Toledoans standfast behind their law protecting nature’s rights


February 28, 2020

Tish O’Dell
Ohio Community Organizer

TOLEDO, OH: Yesterday, one day after the anniversary of the democratically enacted Lake Erie Bill of Rights (LEBOR), federal judge Jack Zouhary ruled to silence the voices of the people and nature by overturning the law on behalf of a corporate plaintiff and the State of Ohio.

The decision is part of an aggressive effort by judges, lawyers, corporate interests, and state governments to undermine this Rights of Nature movement and protect a system of law that has produced ecological devastation and mass inequality.

LEBOR, passed by the voters of Toledo, Ohio, in February 2019, is the first law in the United States to recognize the rights of a specific ecosystem. It is part of a growing worldwide movement to secure and protect the rights of ecosystems in the face of devastating global warming and pollution. While state and federal governments refuse to act, more communities understand they must.

In 2019, a separate federal judge acknowledged the State of Ohio has failed to protect the lake from intensifying pollution, resulting in dangerous toxic algal blooms that threaten the drinking water for 11 million people.

“Part of the 1%’s strategy is to shut down our legal options,” says Markie Miller of Toledoans for Safe Water (TSW), the group behind the LEBOR initiative. “As long as there is a Lake to protect, we won’t be going anywhere.”

“Our children’s future is on the line and you have the choice to remain willfully ignorant or take action,” says Crystal Jankowski, also of TSW.

“LEBOR made history, inspired other rights of nature laws, shifted cultural perceptions, expanded the realm of future possibilities, and advanced a critically important conversation about how we might democratically implement and enforce a system of government that elevates humans and ecosystems above profit,” says Tish O’Dell. “No judge can take that away.”

To justify his decision, Zouhary wrote that LEBOR would “injure” the two plaintiffs – State of Ohio and Drewes Farms. In doing so, he ironically explained how both plaintiffs would violate LEBOR, and thus harm the lake.

Lawyers for the plaintiffs feigned ignorance of the devastation wreaked against Lake Erie. Zouhary joined them.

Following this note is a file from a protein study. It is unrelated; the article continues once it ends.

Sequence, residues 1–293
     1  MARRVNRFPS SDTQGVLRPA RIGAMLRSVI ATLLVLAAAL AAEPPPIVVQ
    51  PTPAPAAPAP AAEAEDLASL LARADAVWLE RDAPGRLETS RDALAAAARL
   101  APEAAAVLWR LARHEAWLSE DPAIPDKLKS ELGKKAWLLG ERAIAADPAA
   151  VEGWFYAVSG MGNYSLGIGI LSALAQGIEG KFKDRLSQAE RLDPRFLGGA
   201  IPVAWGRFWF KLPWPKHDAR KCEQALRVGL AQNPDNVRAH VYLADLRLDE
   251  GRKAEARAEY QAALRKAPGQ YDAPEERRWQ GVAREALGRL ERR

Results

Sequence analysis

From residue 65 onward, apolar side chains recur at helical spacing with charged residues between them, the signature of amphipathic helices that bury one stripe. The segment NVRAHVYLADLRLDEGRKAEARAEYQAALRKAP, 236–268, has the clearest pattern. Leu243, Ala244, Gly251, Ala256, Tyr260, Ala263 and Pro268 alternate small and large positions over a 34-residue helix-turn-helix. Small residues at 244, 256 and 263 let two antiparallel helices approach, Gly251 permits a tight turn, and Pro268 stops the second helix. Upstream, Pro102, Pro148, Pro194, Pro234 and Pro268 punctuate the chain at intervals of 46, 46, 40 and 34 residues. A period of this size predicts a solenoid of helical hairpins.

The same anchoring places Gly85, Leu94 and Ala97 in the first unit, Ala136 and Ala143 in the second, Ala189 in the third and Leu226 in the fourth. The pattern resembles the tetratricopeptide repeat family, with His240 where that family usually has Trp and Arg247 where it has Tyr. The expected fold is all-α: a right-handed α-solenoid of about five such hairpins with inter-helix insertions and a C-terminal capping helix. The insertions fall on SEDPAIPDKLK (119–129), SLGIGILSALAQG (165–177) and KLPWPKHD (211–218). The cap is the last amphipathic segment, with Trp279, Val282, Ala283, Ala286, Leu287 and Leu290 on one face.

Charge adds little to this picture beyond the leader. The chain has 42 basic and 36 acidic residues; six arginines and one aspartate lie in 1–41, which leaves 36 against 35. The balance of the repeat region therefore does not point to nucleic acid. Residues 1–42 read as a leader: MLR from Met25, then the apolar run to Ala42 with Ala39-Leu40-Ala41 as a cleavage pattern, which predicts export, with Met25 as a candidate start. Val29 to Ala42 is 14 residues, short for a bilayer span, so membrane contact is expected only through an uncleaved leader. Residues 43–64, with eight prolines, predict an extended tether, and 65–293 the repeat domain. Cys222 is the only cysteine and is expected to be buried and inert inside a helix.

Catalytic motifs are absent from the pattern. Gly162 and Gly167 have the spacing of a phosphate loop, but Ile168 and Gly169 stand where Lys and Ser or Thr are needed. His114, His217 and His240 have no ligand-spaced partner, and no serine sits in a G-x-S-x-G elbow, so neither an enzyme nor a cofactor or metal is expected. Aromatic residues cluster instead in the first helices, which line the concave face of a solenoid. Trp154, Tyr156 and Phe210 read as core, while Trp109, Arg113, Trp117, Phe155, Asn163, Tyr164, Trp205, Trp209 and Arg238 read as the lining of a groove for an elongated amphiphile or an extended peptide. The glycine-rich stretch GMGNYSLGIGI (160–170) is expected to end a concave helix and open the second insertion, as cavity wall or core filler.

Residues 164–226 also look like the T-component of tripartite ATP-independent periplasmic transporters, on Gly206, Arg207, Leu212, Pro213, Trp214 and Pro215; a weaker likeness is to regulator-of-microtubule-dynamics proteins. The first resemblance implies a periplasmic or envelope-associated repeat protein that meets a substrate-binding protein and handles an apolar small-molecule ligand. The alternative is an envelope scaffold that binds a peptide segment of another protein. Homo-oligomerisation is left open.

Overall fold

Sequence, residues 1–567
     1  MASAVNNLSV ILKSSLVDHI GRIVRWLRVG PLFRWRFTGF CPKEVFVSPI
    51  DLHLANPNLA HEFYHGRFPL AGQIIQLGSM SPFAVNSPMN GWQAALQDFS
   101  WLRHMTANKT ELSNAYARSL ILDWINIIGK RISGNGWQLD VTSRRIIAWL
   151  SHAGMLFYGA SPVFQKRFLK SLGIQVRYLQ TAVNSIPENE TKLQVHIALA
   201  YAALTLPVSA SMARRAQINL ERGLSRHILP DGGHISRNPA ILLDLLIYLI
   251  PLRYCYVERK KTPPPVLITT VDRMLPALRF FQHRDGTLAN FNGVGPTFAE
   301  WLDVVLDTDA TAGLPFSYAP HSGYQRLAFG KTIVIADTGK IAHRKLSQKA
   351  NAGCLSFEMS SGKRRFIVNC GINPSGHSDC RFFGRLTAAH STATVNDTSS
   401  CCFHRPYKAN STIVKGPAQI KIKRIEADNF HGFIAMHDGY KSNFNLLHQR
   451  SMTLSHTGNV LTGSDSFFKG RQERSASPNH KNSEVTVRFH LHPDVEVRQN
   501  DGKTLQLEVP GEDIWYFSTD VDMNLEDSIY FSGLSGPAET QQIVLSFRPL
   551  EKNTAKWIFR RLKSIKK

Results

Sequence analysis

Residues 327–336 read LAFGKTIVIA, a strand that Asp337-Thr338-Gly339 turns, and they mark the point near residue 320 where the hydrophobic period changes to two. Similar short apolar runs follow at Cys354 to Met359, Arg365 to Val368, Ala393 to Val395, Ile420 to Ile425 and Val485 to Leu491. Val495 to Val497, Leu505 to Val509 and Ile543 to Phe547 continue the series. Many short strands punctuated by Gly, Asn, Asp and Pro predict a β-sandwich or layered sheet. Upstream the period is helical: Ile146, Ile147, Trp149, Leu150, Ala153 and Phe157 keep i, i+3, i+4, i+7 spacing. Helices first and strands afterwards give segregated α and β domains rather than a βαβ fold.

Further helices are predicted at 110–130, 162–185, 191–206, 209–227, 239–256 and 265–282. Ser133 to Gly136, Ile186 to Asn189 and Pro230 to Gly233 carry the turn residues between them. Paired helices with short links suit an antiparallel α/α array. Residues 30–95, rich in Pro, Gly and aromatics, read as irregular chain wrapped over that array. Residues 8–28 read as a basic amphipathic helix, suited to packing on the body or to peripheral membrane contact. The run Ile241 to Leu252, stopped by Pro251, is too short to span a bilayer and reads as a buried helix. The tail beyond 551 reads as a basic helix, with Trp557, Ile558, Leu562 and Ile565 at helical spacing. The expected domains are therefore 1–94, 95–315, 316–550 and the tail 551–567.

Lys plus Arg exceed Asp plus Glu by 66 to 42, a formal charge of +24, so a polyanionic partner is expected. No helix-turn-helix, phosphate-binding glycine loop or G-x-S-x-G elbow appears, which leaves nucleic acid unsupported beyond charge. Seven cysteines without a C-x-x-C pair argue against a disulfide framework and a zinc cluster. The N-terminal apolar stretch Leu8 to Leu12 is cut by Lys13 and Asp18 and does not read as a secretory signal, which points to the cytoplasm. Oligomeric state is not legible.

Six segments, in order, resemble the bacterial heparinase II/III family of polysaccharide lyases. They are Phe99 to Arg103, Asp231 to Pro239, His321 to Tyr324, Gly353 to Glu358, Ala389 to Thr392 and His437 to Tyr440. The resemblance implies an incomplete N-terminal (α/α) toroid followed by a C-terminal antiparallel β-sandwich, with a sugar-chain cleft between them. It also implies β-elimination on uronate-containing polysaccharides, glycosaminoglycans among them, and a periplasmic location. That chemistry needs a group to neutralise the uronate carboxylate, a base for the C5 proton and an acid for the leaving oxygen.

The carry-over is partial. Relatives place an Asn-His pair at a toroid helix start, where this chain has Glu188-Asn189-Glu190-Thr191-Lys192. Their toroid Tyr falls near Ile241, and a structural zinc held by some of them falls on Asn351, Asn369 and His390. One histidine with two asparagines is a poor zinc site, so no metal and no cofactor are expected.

“What conduct infringes the right of Lake Erie and its watershed to ‘exist, flourish, and naturally evolve?’” he asked. “How would a prosecutor, judge, or jury decide?”

“Rather than use his role as a judge to begin to interpret the ideas advanced by the people of Toledo, the judge sided with the corporate interests in an effort to shut the people down,” says O’Dell. “It is time courageous judges challenged the legal and governing systems that legalize and perpetuate harm.”

Three Toledo residents have advanced their own lawsuit against the state for negligence in allowing the degradation of Lake Erie and to enforce LEBOR. They filed an appeal in their case today.

“The region needs a multi-pronged approach to move this people’s movement for systemic change forward, and to create and enforce a system of government that protects the people and ecosystems of the Great Lakes into the 21st century,” says O’Dell.

Get in touch for: a copy of the court’s decision, resident’s lawsuit against the state, Toledoans for Safe Water’s amicus brief, the City of Toledo’s brief defending LEBOR, the transcript of oral arguments, or for any other inquiries.

About CELDF — Community Environmental Legal Defense Fund

The Community Environmental Legal Defense Fund (CELDF) is building a movement for Community Rights and the Rights of Nature to advance democratic, economic, social, and environmental rights – building upward from the grassroots to the state, federal, and international level. 

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